What we have to do now is actually spread this apart. There is a gap back here. You can spread that apart to separate the strut from the spindle. The easiest way to do that, this side here is not threaded. The other side is. What we're going to do is thread the bolt on the other side. We're going to put a piece of metal right in that gap. Get it so it's tight. You want to give it about 3 or 4 ratchets. You don't want to push it too far because if you get it too spread apart you'll have a hard time getting it back together. Just get it enough that it starts to spread. When you have a little bit of play in this strut you know you're good.
Now the fun part is separating this strut from the spindle itself. There's two ways you can do this. You can actually, if you want to try, you can unbolt it from the strut tower and the try to separate it that way. I found sometimes it's easier to leave those bolts loose, push down on the spindle itself with the strut attached and a lot of times you get lucky and will separate. This part is the hardest part of this installation. It definitely can be a little frustrating and it will be stubborn, but if you keep pushing down on it, get the right angle, it will come off.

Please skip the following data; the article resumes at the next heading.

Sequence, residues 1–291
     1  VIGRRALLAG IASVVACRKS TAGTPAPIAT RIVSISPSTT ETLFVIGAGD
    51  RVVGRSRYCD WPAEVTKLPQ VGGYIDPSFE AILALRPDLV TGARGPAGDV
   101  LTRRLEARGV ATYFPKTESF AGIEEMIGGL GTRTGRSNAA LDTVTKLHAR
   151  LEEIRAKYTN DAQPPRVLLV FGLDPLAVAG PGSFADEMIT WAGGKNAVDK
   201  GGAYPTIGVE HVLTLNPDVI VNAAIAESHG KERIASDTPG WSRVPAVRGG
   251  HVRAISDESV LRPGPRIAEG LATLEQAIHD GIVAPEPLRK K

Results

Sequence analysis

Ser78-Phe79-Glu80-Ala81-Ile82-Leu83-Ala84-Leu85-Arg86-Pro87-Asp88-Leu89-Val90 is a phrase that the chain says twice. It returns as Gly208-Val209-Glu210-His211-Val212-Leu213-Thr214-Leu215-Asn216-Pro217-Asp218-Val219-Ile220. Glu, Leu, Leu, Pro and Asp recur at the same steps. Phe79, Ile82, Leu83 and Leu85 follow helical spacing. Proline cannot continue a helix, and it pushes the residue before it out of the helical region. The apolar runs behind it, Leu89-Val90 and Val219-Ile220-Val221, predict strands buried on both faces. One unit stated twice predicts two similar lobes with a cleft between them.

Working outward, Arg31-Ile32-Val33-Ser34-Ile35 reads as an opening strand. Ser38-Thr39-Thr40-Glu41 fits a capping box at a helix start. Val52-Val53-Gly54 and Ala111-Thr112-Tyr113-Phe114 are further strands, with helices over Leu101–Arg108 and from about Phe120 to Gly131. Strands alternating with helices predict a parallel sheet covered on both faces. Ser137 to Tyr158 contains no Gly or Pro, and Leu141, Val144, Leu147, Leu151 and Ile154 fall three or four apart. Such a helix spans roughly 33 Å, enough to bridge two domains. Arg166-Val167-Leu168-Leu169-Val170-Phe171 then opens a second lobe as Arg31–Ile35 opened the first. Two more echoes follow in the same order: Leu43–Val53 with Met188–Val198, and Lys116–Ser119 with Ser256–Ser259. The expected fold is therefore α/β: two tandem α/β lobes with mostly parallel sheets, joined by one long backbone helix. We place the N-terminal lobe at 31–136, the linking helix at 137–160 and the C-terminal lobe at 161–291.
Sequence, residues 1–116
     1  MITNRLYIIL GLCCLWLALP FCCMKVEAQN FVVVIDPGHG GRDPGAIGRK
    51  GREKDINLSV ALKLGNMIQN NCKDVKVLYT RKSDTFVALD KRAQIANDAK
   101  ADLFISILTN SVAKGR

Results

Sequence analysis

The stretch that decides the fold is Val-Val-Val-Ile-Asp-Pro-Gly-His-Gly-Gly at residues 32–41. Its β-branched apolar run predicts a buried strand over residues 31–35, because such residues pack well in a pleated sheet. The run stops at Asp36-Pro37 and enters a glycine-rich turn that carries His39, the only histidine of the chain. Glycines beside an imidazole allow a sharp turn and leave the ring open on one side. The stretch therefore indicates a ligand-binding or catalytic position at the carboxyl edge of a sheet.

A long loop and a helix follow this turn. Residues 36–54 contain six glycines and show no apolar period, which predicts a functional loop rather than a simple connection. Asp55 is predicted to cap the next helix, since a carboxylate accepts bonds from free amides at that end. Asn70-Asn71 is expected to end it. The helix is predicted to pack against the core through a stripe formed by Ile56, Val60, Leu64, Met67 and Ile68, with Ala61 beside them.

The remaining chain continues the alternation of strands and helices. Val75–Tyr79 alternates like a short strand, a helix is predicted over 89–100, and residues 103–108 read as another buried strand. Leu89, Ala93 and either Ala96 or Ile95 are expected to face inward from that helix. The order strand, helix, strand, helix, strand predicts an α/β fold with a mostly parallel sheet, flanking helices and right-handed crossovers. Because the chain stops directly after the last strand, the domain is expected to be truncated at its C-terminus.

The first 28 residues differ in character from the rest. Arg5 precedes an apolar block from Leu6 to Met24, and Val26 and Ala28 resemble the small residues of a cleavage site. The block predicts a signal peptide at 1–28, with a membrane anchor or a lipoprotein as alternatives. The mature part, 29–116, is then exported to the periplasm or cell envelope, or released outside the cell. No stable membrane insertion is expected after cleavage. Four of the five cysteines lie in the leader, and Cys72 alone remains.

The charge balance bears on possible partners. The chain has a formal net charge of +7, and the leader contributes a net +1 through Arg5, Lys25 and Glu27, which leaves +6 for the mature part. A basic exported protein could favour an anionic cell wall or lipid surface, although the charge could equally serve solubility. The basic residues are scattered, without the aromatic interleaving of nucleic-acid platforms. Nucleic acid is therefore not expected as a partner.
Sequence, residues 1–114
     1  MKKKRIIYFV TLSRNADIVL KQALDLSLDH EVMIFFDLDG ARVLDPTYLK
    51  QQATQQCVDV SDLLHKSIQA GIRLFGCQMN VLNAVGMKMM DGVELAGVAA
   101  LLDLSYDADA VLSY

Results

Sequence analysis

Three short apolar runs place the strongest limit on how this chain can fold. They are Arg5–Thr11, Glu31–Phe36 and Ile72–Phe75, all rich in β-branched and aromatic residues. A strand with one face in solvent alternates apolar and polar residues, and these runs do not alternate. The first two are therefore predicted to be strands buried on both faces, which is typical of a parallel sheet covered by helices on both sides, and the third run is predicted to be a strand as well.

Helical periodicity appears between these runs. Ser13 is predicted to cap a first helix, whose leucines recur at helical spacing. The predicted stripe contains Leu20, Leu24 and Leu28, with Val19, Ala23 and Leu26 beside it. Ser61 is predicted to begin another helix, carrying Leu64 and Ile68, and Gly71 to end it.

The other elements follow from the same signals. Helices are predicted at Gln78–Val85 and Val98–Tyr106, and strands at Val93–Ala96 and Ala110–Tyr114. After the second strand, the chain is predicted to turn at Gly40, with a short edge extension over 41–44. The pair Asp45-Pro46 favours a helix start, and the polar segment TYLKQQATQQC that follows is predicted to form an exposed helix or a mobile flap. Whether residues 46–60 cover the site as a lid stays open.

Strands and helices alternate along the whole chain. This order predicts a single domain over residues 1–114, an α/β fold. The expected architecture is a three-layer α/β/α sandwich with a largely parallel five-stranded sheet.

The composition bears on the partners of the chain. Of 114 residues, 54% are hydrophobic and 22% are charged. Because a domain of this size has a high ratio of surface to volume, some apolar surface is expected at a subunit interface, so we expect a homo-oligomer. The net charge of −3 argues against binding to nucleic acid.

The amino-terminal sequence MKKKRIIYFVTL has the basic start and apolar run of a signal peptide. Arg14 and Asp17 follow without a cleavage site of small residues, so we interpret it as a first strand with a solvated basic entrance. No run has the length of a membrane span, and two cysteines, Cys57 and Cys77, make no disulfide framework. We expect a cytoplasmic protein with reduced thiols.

I hope it comes apart for you as easy as it did for us. Now what you're going to do is remove the bolts that you loosened on the strut tower and remove the strut assembly.
Unique to the RS is the adapted suspension so you do have to trace the lineup and unplug it, then you can remove the strut assembly. To get this clip off, the first thing you have to do is pop the 2 clips off to get the cover off of it. Once you remove the cover there's just one small clip. Pull it off with your nail and separate. Now you're going to fish the wire down and we can then remove our strut.
To get the spring off the strut assembly you're going to want to use a spring compressor. You got to compress the spring so you're going to remove the nut on the top and remove the strut mount. To get the strut nut off is a little more challenging because this wire. What we're going to do is we're going to install one of the bolts for the strut down here and we're going to put a wrench on that. That will hold the strut mount and keep it from spinning then you can use the wrench to get it off.
You want to make sure you remove the entire assembly. That will actually separate from the boot, or you can pull the boot out with it and remove the spring. Now we're just going to reverse the process. Going to put the spring onto our strut assembly, we'll compress it, then reinstall the strut now.
To get this tight is a little more challenging. You do it yourself, an extra set of hands will make it easier. What we're going to do now is put 2 bolts in. Going to put a pry bar between them and use the wrench to tighten it up.